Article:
This real-life example demonstrates the dilemma law enforcement faces with new gang evidence.
The first element in this debate, to use or not use gangsta rap videos, exists within the confines of the 1st Amendment to the United States Constitution (1789). The 1st Amendment (1789) states, “Congress shall make no law respecting an establishment of religion, or prohibiting the free exercise thereof; or abridging the freedom of speech, or of the press; or the right of the people peaceably to assemble, and to petition the Government for a redress of grievances” (U.S. Const. amend I). As Pawelz and colleagues (2018) stated,
Our research suggests that music, music videos, and social media fulfill a variety of psychological and social needs for gangs, which can be divided into four primary functions: (a) to glorify gang lifestyle, (b) to display power and send threats, (c) to motivate to carry out criminal activities, and (d) to facilitate social bonding and collective mourning (p. 454).
Based on this research, most of the language from displaying power to collective mourning is protected by the 1st Amendment. Overt threats that classify as terrorist threats would not fall under this protection. Nonetheless, it is the duty of the police to collect any evidence available to demonstrate a potential crime. Gang members have the solemn right to discuss drug sales and pose with illegal guns; police simply have the equal right to collect this from open-source forums and save it for later prosecution (Pawelz et al., 2018).
The theater for this debate does not remain within the confines of the U.S. Constitution. Many activists argue that the targeting of “gangsta rap” music is overtly racist. As Tibbs and Chauncey (2016) argued in their work, “From slavery to hip-hop: Punishing black speech and what’s “unconstitutional” about prosecuting young black men through art:”
There are significant constitutional concerns because the prosecutions infringe on free speech guarantees, and perhaps, equal protection ones as well, since hip-hop, a musical genre that is predominantly populated by young Black men, is the only genre of art targeted this way (p. 38).
By law enforcement collecting these videos as evidence, activists, community groups, and certain scholars argue the videos usage in court instills racist stereotypes that young Black and Brown men are inherently dangerous. Officers working patrol or detectives working gang assignments may use these stereotypes to develop confirmation biases when looking at any specific case. Tibbs and Chauncey (2016) argue:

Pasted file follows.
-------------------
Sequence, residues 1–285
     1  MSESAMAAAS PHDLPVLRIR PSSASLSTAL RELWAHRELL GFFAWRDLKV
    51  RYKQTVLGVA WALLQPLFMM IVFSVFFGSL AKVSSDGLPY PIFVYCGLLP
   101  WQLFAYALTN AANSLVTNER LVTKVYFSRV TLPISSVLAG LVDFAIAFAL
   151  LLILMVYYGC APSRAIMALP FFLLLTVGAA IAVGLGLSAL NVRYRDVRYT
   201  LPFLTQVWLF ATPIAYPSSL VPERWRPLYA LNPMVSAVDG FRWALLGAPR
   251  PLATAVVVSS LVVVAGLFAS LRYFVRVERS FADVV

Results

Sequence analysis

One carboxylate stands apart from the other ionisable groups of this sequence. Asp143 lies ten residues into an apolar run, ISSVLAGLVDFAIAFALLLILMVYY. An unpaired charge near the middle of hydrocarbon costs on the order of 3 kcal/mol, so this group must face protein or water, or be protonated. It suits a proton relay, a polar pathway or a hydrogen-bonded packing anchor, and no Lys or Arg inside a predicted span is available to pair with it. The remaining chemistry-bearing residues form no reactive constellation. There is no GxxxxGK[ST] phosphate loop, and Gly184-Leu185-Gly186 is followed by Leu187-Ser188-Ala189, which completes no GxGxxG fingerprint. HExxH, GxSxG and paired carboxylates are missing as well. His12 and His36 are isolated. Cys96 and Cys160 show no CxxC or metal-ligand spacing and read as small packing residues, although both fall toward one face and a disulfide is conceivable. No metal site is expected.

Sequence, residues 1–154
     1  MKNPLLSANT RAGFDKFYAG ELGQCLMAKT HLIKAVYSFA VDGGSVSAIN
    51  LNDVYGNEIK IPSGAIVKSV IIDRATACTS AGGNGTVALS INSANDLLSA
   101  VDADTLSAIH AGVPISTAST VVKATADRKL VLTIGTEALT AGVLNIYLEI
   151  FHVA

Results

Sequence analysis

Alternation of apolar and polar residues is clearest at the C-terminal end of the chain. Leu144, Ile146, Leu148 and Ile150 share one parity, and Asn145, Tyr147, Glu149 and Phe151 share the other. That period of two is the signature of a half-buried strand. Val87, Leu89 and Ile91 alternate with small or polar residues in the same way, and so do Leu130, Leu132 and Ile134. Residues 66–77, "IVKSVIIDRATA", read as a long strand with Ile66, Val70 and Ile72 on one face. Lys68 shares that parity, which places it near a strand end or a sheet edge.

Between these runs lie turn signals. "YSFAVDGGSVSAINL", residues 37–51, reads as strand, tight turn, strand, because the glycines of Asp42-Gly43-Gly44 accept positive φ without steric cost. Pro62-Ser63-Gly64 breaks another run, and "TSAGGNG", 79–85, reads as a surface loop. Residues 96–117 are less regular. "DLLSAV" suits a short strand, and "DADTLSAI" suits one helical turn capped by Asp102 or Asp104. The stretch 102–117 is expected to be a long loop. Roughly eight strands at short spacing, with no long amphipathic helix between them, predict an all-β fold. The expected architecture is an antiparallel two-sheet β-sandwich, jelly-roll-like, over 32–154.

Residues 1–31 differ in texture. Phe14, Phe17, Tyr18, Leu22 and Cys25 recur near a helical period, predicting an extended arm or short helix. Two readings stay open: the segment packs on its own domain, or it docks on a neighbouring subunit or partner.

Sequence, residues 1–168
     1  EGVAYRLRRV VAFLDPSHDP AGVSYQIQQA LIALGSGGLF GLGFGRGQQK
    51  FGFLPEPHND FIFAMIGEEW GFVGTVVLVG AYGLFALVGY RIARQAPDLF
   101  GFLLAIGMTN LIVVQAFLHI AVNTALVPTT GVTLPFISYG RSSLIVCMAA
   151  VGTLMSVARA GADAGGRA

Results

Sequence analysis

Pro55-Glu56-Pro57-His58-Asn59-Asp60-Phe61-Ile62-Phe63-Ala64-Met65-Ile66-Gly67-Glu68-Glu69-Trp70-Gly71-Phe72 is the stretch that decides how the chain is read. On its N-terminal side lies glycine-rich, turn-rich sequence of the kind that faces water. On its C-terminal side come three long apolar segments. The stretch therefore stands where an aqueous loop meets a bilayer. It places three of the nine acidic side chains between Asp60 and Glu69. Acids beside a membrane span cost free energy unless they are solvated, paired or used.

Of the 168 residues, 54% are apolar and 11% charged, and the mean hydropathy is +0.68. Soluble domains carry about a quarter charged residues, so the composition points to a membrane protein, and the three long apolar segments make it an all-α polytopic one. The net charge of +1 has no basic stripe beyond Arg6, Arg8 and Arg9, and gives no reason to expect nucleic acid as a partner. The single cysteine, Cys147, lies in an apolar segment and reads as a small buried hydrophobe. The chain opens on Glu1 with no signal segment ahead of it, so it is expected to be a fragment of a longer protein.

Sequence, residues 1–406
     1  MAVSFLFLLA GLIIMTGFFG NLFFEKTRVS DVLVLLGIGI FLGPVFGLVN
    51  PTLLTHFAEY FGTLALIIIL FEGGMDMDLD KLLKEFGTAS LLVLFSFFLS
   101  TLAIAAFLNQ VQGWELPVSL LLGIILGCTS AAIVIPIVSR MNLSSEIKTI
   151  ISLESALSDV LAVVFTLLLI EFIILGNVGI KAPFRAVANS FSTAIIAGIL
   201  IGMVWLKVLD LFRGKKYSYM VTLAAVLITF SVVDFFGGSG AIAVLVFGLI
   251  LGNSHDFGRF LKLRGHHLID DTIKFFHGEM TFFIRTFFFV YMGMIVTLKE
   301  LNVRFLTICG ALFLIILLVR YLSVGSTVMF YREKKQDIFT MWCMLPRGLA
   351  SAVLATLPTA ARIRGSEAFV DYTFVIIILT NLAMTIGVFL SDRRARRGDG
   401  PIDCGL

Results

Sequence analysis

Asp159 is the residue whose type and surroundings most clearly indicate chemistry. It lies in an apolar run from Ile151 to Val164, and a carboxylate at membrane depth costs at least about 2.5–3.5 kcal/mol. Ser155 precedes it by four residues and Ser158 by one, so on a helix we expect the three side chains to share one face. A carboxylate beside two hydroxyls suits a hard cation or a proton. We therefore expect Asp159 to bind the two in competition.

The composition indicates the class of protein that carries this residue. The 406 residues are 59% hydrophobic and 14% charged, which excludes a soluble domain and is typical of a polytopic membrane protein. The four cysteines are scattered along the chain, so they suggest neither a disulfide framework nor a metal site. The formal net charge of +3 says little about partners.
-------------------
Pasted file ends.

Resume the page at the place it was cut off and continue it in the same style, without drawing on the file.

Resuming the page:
The practice also constitutes a pernicious tactic that plays upon and perpetuates enduring stereotypes about the inherent criminality of young men of color; the lyrics must be true because what is written ‘fits’ with what we ‘know’ about criminals, where they come from, and what they look like (p. 201).
The most significant gap in the arguments against utilizing music videos as gang evidence regards the association of multiple gang members present in a single music video. Most activists and scholars attack the music or the lyrics as gang evidence, but few discuss the music videos where multiple, if not scores, of potential gang members demonstrate gang hand signs, gang tattoos, and congregate in a gang hotspot. If, in the above example of “Diamond Cut,” a video was produced where only one person was “singing” and the other individuals were congregating demonstrating gang tattoos and symbols, then the argument by activists of freedom of speech or assembly may not apply. Although the individuals have the 1st Amendment right to freedom of assembly, by openly displaying hand signs and tattoos, these individuals are either self-admitting or in the terms of the street, self “snitching” (Papp et al., 2019). No one forced these individuals to get tattoos, associate with identified gang members, or congregate in a gang area.
What is The Solution
Police have collected and retained gang evidence for many years. Since the S.T.E.P. Act of 1988 was introduced, courts relied on gang “experts” to analyze gang evidence and render an opinion as to whether or not a person was a gang member and if the alleged crime was gang related (Kubrin & Nielson, 2014). The modernization of gang evidence from physical items to online content is fair game for court. If gang members willfully “air their laundry” to the public and thereby surrendering their Fourth Amendment rights to unlawful search and seizure, then police can rightfully and lawfully collect and use this evidence against offenders (U.S. Const. amend IV). Gangsta rap videos are no different. If individuals record themselves associating with documented gang members in any manner, this should be collected and displayed for a jury if a person in one of those videos is accused of a crime. However, downloading a video from the internet and openly displaying such in a criminal trial should come with some parameters. Police need to be responsible to not only find this evidence but, document those involved, notify them the evidence may be used in the future, allow those involved to explain or contest participation, provide those identified with a copy of the video that will be used in the future with an admonishment of the consequences.